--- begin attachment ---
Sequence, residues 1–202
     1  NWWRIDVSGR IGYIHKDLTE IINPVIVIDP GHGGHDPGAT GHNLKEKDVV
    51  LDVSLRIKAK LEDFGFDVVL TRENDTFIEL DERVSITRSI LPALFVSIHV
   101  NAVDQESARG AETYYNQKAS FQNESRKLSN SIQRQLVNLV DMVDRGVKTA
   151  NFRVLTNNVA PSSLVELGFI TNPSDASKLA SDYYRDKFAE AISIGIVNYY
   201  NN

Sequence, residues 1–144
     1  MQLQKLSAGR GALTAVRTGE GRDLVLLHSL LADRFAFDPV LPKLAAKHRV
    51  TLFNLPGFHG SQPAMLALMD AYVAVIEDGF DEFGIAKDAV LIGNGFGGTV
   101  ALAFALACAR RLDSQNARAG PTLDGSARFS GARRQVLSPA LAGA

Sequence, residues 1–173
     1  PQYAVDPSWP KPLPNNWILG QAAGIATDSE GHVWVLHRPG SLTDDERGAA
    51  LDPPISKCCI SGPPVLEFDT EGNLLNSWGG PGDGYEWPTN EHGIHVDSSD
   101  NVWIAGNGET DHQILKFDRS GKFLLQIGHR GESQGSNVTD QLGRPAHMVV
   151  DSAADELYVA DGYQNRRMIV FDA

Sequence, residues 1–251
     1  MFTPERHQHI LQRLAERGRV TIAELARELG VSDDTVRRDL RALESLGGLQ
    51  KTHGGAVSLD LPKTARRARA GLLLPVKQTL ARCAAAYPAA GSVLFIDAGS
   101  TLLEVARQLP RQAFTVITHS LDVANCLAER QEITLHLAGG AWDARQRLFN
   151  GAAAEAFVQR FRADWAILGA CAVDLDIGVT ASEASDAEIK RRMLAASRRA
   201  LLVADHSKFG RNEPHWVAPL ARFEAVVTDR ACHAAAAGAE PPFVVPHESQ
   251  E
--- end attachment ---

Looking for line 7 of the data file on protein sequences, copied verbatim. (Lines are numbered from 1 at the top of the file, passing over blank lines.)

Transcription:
Sequence, residues 1–144